This past weekend I was lucky enough to get my hands on a beta key for the final Guild Wars 2 beta weekend. I have to say, I was very impressed. I had a lot of fun exploring the world and getting a feel for the game. And the feel I got was one of exploration.
Guild Wars 2
Everything in Guild Wars 2 seems to be structured for exploring. The world is filled with things to do. Nothing shows this more than the way quests are setup. In Guild Wars 2 you don’t get a quest from some static NPC who sends you on errands. Instead, you explore the world, and as you explore you bump into quests along the way. These quest are marked on your map as hearts and require no prerequisites. They are open to any that wander into the area. You don’t even need to accept them, instead a small notification of what to do appears in the corner of your screen and you can either do the objective or ignore it and move on.
For the first time in an MMO I wasn’t juggling quests in a journal, or running around collecting a task list from people with magic exclamation points floating above their heads. Quest completion happened organically and naturally as I ran across them while exploring. In the rare event I ran out of known heart quests to complete, I’d just pick a section of the map I hadn’t yet explored and trek off into the unknown to find more content.
Even as you traverse between known heart quests you might be in for a surprise along the way. Periodically, semi-random events occur in your vicinity that you may join in on. Like heart quests, you can ignore them if you wish, but it’s fun to join in and experience something new. These events help keep things fresh, even in areas you’ve traveled through before.
The Pale Tree vista in The Grove
Beyond quests, Guild Wars 2 helps give you more variety with challenges and vistas. Challenges are what they sound like, small challenges to complete. For completing them you gain a skill point which can be used to unlock better skills. Vistas on the other hand are eye candy, very pretty eye candy. They usually consist of climbing and platforming in order to reach a vista point. Once activated, a vista point shows a short video showcasing the surrounding area. There’s a small experience reward earned toward your next character level, but the sightseeing can be all the reward you need. Both challenges and vistas are oriented toward exploring, enticing you to go out of your way to experience them.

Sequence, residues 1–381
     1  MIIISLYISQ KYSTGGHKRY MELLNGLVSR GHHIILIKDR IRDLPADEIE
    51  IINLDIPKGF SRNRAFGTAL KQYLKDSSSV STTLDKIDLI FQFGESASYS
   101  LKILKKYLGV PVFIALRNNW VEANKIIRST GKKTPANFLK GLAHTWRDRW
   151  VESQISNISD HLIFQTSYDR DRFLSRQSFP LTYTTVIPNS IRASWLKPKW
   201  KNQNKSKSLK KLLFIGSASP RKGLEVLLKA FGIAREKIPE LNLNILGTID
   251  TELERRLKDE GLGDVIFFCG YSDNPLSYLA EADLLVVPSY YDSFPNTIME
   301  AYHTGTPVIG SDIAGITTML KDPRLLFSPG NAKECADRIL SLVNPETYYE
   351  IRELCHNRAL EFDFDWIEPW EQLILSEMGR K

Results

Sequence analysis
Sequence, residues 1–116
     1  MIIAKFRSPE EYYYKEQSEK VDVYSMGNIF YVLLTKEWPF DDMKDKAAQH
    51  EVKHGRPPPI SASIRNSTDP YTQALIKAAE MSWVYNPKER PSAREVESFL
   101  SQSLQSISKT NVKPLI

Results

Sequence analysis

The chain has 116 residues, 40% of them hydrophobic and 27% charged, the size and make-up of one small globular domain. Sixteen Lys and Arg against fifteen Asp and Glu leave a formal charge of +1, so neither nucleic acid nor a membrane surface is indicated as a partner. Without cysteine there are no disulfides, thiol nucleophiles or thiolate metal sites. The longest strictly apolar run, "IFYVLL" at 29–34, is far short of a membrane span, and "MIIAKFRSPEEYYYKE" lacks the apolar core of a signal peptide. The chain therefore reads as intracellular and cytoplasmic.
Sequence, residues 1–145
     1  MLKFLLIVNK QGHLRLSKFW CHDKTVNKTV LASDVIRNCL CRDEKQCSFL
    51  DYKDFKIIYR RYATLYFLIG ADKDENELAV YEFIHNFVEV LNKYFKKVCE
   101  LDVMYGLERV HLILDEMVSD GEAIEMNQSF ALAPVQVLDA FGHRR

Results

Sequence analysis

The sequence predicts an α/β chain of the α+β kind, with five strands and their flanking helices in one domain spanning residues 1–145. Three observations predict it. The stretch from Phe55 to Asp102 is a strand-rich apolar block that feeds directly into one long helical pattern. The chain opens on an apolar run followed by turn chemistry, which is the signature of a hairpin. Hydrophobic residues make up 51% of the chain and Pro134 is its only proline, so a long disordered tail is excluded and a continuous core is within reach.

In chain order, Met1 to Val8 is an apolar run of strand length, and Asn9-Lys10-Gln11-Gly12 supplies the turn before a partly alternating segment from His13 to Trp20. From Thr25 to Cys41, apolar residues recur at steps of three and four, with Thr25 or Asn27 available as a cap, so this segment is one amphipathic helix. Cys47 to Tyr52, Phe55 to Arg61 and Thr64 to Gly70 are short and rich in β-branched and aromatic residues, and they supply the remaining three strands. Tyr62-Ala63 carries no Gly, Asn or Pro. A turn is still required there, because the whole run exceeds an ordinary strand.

Finally, there’s the glue that holds the whole thing together, your personal story. Your personal story is the only set of traditional quests that I saw in the game. Essentially one long quest chain, your personal story helps point you to areas that you should explore. If you only did your personal story, ignoring all other content, you’d quickly find that it’s too hard for your level. Instead, what I ended up doing is what I believe you’re supposed to do. On the way to each new part of my personal story I did all the heart quests and events I ran into. Playing this way I was able to always be the appropriate level for the current section of my personal story while also getting the variety of doing other activities.
A world vs world vista
It was a wonderful feeling just to explore the world and complete whatever I happened to run across. Even the player vs player mode World vs World (WvW) was somewhat structured this way. It took a little more work to determine where I was needed in order to help my fellow players, but even WvW is filled with heart quests, events, vistas, and challenges. This is where I spent most of the last day of beta, wandering around WvW, helping siege and defend key positions, each with their own player triggered and player driven events. I didn’t want to stop.
With how much fun I had during my short time exploring Guild Wars 2, I can’t wait to be able to explore it more upon release. And, with no subscription fee, I can see myself playing this game off and on for years to come.